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asked bank beautiful began boat body called captain CHAPTER close coming course crossing dead dollars effect face fact feel feet fell fifty fire five followed four gave give gone half hand head heard hundred interest Island keep killed kind knew land letter light living look Louis matter mean miles mind minutes Mississippi months morning nature nearly never night once Orleans passed person pilot poor presently pretty reached river seemed seen shore side sometimes soon sort stand steamboat steamer streets talk tell thing thought thousand told took town trip turned watch wheel whole young
Seite 57 - ... declining," etc. It seemed to me that I had put my life in the keeping of a peculiarly reckless outcast. Presently he turned on me and said: "What's the name of the first point above New Orleans?
Seite 33 - I'm the man with a petrified heart and biler-iron bowels! The massacre of isolated communities is the pastime of my idle moments, the destruction of nationalities the serious business of my life! The boundless vastness of the great American desert is my inclosed property, and I bury my dead on my own premises!
Seite 34 - And he done it, too. He snatched them, he jerked them this way and that, he booted them around, he knocked them sprawling faster than they could get up. Why, it warn't two minutes till they begged like dogs— and how the other lot did yell and laugh and clap their hands all the way through, and shout "Sail in, Corpse-Maker!" "Hi! at him again, Child of Calamity!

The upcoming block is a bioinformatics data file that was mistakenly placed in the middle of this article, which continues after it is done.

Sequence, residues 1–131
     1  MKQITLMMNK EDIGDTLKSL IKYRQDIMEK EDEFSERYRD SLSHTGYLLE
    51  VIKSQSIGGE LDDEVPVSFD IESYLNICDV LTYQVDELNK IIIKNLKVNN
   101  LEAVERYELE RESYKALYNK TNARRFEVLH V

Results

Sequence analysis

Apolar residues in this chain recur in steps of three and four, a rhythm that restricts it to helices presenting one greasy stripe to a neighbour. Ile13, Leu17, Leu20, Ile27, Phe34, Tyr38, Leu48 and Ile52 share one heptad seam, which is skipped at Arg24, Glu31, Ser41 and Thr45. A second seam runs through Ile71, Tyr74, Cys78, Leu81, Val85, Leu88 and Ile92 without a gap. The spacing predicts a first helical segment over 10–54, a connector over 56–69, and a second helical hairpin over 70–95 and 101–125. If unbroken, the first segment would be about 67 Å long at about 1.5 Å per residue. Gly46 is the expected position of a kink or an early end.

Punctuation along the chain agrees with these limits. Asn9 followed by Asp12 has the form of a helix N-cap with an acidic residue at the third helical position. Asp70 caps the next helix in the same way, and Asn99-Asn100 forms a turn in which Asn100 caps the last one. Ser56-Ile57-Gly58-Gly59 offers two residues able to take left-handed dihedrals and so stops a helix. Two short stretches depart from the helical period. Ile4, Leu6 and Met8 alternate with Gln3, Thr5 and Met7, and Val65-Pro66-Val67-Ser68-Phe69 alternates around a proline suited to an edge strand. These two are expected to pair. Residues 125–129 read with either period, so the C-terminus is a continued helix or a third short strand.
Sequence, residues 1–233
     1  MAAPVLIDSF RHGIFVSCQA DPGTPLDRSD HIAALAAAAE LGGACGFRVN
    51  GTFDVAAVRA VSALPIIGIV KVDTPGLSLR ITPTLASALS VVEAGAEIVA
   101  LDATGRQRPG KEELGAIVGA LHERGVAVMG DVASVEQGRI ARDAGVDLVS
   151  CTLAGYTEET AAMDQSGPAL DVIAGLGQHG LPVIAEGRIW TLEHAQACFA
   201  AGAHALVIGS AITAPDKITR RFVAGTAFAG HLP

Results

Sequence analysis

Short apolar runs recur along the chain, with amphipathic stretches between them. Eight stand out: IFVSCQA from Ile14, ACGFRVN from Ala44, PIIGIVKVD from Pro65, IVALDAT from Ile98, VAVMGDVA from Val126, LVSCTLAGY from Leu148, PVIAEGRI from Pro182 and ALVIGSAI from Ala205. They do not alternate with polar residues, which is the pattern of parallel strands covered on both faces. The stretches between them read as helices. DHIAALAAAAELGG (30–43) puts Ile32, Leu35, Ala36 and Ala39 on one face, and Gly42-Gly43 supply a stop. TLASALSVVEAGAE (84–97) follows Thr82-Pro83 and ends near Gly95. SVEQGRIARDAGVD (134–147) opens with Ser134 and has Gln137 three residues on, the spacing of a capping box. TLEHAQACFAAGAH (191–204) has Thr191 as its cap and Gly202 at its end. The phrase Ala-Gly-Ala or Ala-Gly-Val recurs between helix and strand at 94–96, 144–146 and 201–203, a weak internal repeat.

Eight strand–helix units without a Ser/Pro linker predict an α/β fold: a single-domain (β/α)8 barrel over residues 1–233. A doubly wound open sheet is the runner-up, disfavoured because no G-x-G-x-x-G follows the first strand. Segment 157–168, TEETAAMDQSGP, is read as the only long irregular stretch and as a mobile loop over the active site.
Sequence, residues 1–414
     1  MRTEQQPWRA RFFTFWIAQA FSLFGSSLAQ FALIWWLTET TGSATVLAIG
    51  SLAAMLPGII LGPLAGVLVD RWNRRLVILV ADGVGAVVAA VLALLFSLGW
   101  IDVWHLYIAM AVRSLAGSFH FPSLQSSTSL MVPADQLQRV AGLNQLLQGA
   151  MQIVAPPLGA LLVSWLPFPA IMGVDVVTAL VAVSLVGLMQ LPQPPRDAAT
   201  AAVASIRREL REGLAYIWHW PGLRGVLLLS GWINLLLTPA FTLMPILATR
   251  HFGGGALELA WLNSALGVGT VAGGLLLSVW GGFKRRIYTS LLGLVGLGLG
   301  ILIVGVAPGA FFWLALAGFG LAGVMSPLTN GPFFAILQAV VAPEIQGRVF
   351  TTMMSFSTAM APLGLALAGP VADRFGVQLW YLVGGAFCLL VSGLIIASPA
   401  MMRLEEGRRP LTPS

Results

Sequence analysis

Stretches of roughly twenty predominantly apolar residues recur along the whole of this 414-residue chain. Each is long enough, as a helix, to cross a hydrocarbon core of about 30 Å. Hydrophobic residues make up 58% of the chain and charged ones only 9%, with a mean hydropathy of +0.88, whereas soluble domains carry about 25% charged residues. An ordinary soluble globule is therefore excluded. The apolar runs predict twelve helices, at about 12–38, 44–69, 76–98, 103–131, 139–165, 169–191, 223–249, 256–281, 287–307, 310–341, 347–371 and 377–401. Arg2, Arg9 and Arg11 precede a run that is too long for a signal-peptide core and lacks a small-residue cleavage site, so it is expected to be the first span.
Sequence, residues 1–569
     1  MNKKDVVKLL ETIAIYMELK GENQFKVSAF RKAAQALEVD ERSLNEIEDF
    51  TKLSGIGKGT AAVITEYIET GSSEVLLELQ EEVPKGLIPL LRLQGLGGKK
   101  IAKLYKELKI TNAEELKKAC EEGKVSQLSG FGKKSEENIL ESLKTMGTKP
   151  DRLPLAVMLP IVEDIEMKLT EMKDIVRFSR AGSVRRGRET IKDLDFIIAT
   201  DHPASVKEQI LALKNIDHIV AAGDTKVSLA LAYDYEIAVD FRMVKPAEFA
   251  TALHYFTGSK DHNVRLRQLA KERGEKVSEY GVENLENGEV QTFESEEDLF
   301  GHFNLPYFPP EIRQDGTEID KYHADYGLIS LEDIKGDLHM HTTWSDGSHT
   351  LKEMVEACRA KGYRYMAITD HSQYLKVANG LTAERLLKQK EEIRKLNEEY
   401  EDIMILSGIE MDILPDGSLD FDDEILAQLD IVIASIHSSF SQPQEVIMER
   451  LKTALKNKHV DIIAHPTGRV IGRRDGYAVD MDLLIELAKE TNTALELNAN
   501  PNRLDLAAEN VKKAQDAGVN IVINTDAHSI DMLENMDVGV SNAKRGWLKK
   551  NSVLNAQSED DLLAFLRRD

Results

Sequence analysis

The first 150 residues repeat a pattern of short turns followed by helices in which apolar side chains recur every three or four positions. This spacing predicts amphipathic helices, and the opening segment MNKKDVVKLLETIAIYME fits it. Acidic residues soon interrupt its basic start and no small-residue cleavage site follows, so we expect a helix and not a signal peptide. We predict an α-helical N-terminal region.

Seite 158 - My profit is various in kind and degree; but the feature of it which I value most is the zest which that early experience has given to my later reading. When I find a well-drawn character in fiction or biography, I generally take a warm personal interest in him, for the reason that I have known him before— met him on the river.
Seite 294 - A LIFE on the ocean wave, A home on the rolling deep, Where the scattered waters rave, And the winds their revels keep! Like an eagle caged, I pine On this dull, unchanging shore: Oh!
Seite 347 - Uncle Remus, two of the very few Southern authors who do not write in the southern style. Instead of three or four widely-known literary names, the South ought to have a dozen or two — and will have them when Sir Walter's time is out. A curious exemplification of the power of a single book for good or harm is shown in the effects wrought by Don Quixote and those wrought by Ivanhoe.
Seite 35 - You look at the graveyards; that tells the tale. Trees won't grow worth shucks in a Cincinnati graveyard, but in a Sent Louis graveyard they grow upwards of eight hundred foot high. It's all on account of the water the people drunk before they laid up. A Cincinnati corpse don't richen a soil any.
Seite 59 - ... strokes on the big bell. The stars were all gone now, and the night was as black as ink. I could hear the wheels churn along the bank, but I was not entirely certain that I could see the shore. The voice of the invisible watchman called up from the hurricane-deck: "What's this, sir?
Seite 66 - ... familiarity with it; but both remained in the pilothouse constantly. An hour before sunset, Mr. Bixby took the wheel and Mr. W stepped aside. For the next thirty minutes every man held his watch in his hand and was restless, silent, and uneasy. At last somebody said, with a doomful sigh — "Well yonder's Hat Island — and we can't make it.
Seite 35 - ... of habits; and next about women and their different ways; and next about the best ways to put out houses that was afire; and next about what ought to be done with the Injuns; and next about what a king had to do, and how much he got; and next about how to make cats fight; and next about what to do when a man has fits; and next about differences betwixt clear-water rivers and muddy-water ones. The man they called Ed said the muddy Mississippi water was wholesomer to drink than the clear water...